The old man walked with a can; his days of captivity had been less than comfortable. He never spoke of them but Rifkind, with her healer's instincts, knew that his body had been broken and that though he had managed to return to Chatelgard, he would live there for only a few years before death came for him. He propped his can against the stone mantle and pottered about at her neglected hearth.

``Well,'' he began with his back still toward her, ``there's no good to come from holding back your anger, and you must be angry with someone, if only me for forcing myself on you. Graybeard spoke to me before the feast.''

``I'm not angry. Healers don't get angry with their fate.''

``Fighters do.''

``I'm not angry. Here, let me do that.'' She offered him a hand up, then knelt by the hearth. ``Everything is moving in perfectly understandable patterns. There is nothing to be angry with. I'm tired, that's all, as I told Ejord.''

``Has anyone ever told you that you Asheerans are incapable of anger because you lack the philosophical sense of revenge that civilized folk possess?''

Despite herself, Rifkind smiled as she stepped away from the hearth. Bainbrose knew well that revenge among the clans sometimes took two or three generations to reach its climax.

``That's better. A little warmth, a little light. Chatelgard's a dismal place at night without a fire. No offense to your Friend out there, but moonlight can't disguise the fact that Chatelgard's just a mountain fortress with window glass.''

``Chatelgard is dismal at any time of day or season.''

``Even better: now you're arguing.'' The old man settled into the one comfortable chair, leaving Rifkind to perch on Jenny's mending stool. ``Now, tell me all the reasons it's so dismal.''

``It needs no reasons,''she replied, her voice flattening.

``Not better. Rifkind, my child-- my friend-- the only other friend you have is going to bring a sixteen-year-old bride into this admittedly always-dismal place in a fortnight, making it very awkward for you to remain here, true? And the only reason he's doing so is because that flat disk you venerate has disobligingly failed to provide you with the wind that would let you send the brat packing back to her family!''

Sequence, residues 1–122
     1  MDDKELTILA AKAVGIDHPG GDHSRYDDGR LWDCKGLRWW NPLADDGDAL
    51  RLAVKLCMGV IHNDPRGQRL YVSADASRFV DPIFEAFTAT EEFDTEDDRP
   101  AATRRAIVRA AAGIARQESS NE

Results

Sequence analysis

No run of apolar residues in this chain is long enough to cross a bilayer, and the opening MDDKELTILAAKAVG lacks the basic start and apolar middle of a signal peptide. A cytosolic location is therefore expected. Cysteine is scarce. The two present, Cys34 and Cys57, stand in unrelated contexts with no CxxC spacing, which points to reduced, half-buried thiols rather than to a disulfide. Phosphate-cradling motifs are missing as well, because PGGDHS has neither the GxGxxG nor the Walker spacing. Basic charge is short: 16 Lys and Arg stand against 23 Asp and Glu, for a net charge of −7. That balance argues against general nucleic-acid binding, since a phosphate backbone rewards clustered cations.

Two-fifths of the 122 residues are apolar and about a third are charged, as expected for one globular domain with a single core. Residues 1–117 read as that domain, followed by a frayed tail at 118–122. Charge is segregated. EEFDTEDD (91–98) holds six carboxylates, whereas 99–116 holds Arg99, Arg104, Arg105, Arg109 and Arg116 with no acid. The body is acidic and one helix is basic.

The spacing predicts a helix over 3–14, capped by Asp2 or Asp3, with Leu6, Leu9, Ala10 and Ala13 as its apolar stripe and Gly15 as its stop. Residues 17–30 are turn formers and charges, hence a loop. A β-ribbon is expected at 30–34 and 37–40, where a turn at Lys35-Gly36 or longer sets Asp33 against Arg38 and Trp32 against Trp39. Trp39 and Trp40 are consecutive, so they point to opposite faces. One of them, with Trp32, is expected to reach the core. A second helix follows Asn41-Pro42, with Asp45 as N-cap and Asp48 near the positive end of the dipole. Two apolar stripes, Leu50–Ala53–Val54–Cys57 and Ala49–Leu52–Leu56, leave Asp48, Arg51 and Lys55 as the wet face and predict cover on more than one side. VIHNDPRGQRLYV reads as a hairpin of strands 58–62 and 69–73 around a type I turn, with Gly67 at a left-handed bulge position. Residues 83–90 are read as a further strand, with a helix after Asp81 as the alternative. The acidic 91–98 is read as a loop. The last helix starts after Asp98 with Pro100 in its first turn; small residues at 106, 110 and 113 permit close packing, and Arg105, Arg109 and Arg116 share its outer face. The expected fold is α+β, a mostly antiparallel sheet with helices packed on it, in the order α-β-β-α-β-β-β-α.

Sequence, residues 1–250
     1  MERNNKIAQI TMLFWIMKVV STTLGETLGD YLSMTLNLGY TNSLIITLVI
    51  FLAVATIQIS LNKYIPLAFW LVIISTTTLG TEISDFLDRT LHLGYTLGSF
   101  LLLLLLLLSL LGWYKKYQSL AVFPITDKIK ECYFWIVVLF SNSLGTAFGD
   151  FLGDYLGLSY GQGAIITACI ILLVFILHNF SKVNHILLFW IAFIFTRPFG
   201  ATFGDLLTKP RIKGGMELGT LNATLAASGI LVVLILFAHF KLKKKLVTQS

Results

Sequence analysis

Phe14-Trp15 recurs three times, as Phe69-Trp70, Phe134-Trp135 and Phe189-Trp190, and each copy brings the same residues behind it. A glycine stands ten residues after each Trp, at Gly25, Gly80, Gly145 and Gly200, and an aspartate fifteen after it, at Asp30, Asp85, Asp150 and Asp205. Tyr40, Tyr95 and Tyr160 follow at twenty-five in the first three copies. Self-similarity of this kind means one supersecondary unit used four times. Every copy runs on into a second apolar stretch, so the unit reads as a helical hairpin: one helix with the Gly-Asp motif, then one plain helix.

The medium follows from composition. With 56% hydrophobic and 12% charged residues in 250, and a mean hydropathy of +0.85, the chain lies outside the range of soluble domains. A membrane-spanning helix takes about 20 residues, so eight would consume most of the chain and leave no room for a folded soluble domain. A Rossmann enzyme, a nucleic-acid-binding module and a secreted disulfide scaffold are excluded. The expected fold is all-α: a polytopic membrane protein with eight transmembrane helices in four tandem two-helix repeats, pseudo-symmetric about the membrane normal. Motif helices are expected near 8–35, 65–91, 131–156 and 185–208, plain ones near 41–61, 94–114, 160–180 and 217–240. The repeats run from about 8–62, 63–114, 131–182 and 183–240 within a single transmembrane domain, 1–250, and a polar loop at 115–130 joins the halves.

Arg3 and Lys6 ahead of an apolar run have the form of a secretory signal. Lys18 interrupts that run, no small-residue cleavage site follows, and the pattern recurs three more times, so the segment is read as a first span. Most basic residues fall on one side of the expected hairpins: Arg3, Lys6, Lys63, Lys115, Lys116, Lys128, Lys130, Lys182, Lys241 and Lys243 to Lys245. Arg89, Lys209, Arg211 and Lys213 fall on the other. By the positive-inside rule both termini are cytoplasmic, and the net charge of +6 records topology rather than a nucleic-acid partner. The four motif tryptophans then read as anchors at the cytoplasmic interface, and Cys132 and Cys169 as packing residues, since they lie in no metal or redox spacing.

``What else was I supposed to do?'' Rifkind demanded, arising as she spoke.

``A vast improvement. You are *supposed* to do what you want. You're a very talented, not to mention powerful, young woman. *You,* if no one else in this dismal fortress, are supposed to do what *you* want to do!''

``I'm not a wife. I cannot do wifely things. Even with Her permission, I'm not sure I could! Doesn't he understand that? What more does he want from me?''

``That's anger, my friend. I know Ejord as well as anyone-- I'll try to answer your question. There is nothing Ejord loves more than this land of his. He'll do anything, well, hopefully not anything-- that's more his father-- to be the sort of lord his people need. Everything is subordinate to that; therefor he will have a wife and an heir.

``What Ejord loves simply becomes a part of Glascardy for him. But when he loves someone as much as I suspect he loves you, and he can't make that person a part of Glascardy, then he'll push you away from him, for your own good.''

``As he sees it,'' Rifkind amended, paying no heed to the rest of what Bainbrose had said.

``Ah! Precisely! But is there any other way for him to see it?''

``You talk nonsense.''

``Then, Rifkind, what is your purpose? Why can't you be the Lady Overnmont both Ejord and Glascardy need?''

``The Goddess. I'm a healer. A healer may take lovers, but not a love. *She* must be ever-supreme in my life. That is the price of Her gifts.''

``Close the shutters and go downstairs. Stop his announcement, there's still time. You've served that uncaring bitch-goddess far better than any ten other healers could.''

Rifkind nodded, but did not move toward the door. ``I want to be a healer! I just want to be what I already am!'' she exclaimed as a new onset of tears and sobs demanded immediate release.